Top Questions – How To Interview A Financial Advisor
Let’s say you find yourself with some money. A fair amount of money. It could have been the result of many years of work, an inheritance, or even a lucky break. But here you are, with money in the bank. Being the responsible person you are, you know that the next step is to find a professional who can help you manage your wealth.
Then it hits you: “How do I know what questions to ask in order to find the right one?”
A little homework now can save you a lot of headaches later. After all, when it comes to your money it’s important to find someone you can trust, right? Asking questions will help you to get a sense of an advisor’s level of expertise, incentives, style, and legitimacy… and these are all important in deciding if you should hire that person.
Fortunately, we’ve spent hundreds of hours interviewing financial advisors around the country (see what we include in our interview). As a result, we have compiled an excellent list of things that you can ask each potential candidate.
Here are the top questions you should ask a financial advisor before you ever decide to hire them.
What is your firm’s philosophy?
Why ask this? Although there is no true “right answer” here, you need an advisory practice that, at its core, wants to understand your goals, aspirations, risks, and fears before making any recommendations. This is often referred to as a “financial planning-centric” practice, as all decisions stem from a holistic understanding of your financial life.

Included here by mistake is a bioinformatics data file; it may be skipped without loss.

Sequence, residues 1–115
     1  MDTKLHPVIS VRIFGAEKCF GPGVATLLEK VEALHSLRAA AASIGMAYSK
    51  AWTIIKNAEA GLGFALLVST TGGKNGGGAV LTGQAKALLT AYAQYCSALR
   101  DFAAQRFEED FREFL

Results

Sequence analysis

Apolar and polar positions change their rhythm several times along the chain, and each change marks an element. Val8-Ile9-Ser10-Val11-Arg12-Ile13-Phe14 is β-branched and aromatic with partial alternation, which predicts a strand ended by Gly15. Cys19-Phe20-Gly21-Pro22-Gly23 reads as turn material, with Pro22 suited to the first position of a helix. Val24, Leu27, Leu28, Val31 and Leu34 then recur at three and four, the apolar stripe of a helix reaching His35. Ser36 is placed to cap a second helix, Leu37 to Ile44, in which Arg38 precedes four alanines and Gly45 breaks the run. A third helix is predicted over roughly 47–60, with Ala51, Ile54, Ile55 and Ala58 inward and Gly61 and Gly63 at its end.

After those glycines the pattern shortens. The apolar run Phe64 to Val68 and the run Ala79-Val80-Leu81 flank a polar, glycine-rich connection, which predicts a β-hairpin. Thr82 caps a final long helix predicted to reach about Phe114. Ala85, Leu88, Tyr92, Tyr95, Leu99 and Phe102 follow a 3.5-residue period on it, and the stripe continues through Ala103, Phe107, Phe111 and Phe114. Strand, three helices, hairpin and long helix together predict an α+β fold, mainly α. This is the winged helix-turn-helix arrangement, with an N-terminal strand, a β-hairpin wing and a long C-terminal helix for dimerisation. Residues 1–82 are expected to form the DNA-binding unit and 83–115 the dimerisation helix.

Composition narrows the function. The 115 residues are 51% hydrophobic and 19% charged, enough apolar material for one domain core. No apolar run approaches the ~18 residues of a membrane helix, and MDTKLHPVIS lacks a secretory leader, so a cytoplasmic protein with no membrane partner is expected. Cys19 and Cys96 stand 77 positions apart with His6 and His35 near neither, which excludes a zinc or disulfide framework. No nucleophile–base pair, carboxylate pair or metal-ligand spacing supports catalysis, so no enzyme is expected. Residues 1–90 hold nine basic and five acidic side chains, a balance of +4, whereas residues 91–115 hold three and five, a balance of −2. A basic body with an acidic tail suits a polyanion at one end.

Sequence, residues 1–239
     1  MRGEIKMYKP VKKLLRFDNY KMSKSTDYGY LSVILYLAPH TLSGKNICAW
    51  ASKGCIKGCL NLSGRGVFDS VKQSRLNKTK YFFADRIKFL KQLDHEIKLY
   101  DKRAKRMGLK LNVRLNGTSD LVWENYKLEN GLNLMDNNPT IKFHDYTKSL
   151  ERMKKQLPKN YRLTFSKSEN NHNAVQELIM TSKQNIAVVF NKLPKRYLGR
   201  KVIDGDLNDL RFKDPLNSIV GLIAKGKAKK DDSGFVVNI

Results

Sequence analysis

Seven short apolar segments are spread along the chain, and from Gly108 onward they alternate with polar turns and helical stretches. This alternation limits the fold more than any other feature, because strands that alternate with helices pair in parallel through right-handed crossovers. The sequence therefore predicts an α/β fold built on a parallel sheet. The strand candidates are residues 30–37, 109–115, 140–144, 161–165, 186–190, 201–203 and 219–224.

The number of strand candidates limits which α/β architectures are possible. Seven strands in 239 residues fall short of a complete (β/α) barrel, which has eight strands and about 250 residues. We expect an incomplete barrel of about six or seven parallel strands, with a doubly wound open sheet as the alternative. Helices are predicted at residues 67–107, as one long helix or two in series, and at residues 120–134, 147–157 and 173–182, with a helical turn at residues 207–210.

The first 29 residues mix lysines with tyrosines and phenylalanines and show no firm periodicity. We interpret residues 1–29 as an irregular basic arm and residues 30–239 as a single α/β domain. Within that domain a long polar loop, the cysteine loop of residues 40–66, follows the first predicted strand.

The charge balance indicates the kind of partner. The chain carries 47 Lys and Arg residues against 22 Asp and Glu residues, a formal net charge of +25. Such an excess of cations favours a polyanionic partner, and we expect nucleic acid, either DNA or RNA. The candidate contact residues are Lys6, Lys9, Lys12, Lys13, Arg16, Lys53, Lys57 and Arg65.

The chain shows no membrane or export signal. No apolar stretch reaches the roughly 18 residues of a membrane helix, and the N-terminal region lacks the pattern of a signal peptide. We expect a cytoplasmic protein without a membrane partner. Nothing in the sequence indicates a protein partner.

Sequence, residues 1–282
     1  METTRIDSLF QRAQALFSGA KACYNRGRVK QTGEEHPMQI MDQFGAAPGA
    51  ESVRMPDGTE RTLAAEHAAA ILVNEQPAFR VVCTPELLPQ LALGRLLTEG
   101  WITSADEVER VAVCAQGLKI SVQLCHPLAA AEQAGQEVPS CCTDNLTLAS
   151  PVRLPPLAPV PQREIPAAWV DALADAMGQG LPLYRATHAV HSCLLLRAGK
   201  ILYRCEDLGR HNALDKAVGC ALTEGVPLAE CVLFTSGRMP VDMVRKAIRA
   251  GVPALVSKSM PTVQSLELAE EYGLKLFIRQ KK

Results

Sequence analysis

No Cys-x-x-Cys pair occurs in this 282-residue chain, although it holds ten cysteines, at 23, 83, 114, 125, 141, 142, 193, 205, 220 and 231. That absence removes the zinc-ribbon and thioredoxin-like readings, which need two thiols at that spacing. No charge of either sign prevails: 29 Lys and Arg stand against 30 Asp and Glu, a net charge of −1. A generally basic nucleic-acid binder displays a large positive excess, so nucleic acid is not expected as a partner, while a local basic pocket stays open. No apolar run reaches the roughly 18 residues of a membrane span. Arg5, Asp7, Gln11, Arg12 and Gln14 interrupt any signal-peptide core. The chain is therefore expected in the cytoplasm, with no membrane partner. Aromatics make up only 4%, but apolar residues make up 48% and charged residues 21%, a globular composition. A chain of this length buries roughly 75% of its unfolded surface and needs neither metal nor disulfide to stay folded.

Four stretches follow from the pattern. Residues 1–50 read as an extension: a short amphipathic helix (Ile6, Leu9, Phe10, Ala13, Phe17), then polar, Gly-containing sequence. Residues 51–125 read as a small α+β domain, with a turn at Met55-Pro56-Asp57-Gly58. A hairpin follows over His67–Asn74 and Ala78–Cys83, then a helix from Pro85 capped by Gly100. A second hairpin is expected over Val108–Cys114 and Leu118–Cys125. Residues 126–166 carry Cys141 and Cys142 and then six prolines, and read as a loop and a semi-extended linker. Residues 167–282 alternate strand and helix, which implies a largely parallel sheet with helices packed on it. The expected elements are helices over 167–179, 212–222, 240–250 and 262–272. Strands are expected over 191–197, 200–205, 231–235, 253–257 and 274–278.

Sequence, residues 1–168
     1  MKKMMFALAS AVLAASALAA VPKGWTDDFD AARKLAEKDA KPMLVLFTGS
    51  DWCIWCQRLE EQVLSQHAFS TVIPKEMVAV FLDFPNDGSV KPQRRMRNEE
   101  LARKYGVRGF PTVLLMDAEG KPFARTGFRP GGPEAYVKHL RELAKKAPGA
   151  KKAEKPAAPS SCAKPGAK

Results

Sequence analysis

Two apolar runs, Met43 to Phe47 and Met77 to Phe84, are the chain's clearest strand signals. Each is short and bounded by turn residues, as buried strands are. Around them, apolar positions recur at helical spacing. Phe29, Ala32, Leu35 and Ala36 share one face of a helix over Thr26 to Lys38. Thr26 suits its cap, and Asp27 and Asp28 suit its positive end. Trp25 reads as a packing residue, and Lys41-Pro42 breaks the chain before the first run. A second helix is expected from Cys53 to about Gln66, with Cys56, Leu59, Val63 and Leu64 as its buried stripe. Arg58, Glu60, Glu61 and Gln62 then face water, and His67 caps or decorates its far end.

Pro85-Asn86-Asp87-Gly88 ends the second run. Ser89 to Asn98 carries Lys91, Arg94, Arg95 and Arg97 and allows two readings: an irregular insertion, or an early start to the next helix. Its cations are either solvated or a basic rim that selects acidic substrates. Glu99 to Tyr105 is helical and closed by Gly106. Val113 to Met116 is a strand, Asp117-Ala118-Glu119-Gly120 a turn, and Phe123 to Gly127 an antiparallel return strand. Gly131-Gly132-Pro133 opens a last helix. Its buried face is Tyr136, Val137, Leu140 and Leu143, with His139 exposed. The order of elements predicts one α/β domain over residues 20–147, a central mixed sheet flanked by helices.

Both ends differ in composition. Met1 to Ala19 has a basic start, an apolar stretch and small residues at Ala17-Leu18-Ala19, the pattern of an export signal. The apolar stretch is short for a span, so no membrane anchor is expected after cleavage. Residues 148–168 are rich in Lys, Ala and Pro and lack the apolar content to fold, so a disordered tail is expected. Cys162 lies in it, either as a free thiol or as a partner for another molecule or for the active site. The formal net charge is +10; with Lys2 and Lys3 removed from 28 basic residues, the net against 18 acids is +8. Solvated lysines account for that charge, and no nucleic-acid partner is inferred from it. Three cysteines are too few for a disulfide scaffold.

You want to steer clear of advisors that go straight into a discussion about their stellar stock market performance or their ability to “pick stocks and bonds.” The reality is that it is extremely difficult for anyone to beat the market consistently, so a slide deck showing how someone performed in 2009 doesn’t really tell you anything valuable.
We are big believers that the value-added of a great advisor is not to “beat the market,” but rather to be your household CFO.
How do you get compensated?
Why ask this? If you want to find out how people are most likely going to behave, you need to understand their incentives. As we discussed in Financial Advisors, the tell-all series. Part 1: How do advisors get paid?, by knowing how advisors make money, you can identify the payment options that are most suitable for you and have the most aligned incentives for the advisor.
For instance, if an advisor works at an insurance company and he/she gets paid high commissions for selling whole life insurance, there’s a good chance whole life insurance will come up as a suggestion — even if it’s not necessarily the best product for you. Again, it’s all about incentives and fiduciary duty.
Are you associated with any broker-dealer?
Why ask this? This goes back to our point on incentives. We’ve found that the incentives of independent advisors, who have no association with large broker houses, are more aligned with the interests of their clients. This is because their practices don’t sell any financial products of their own.
The answer you are looking for here is “no.” To learn more, you can read Financial Advisors, the tell-all series. Part 2: Brokers vs. advisors.
What financial planning services do you offer?
Why ask this? Your ideal advisor is one whose expertise lies in the areas in which you need the most help. For instance, if an advisor focuses on Social Security and Medicare, but you’re 30 years old and need help figuring out how much home you can afford or how to reach your long-term goals, then that advisor is probably not the best match for you!
Other examples of financial planning services questions include:
- Do you offer investment advice for retirement accounts such as 401(k)s and IRAs?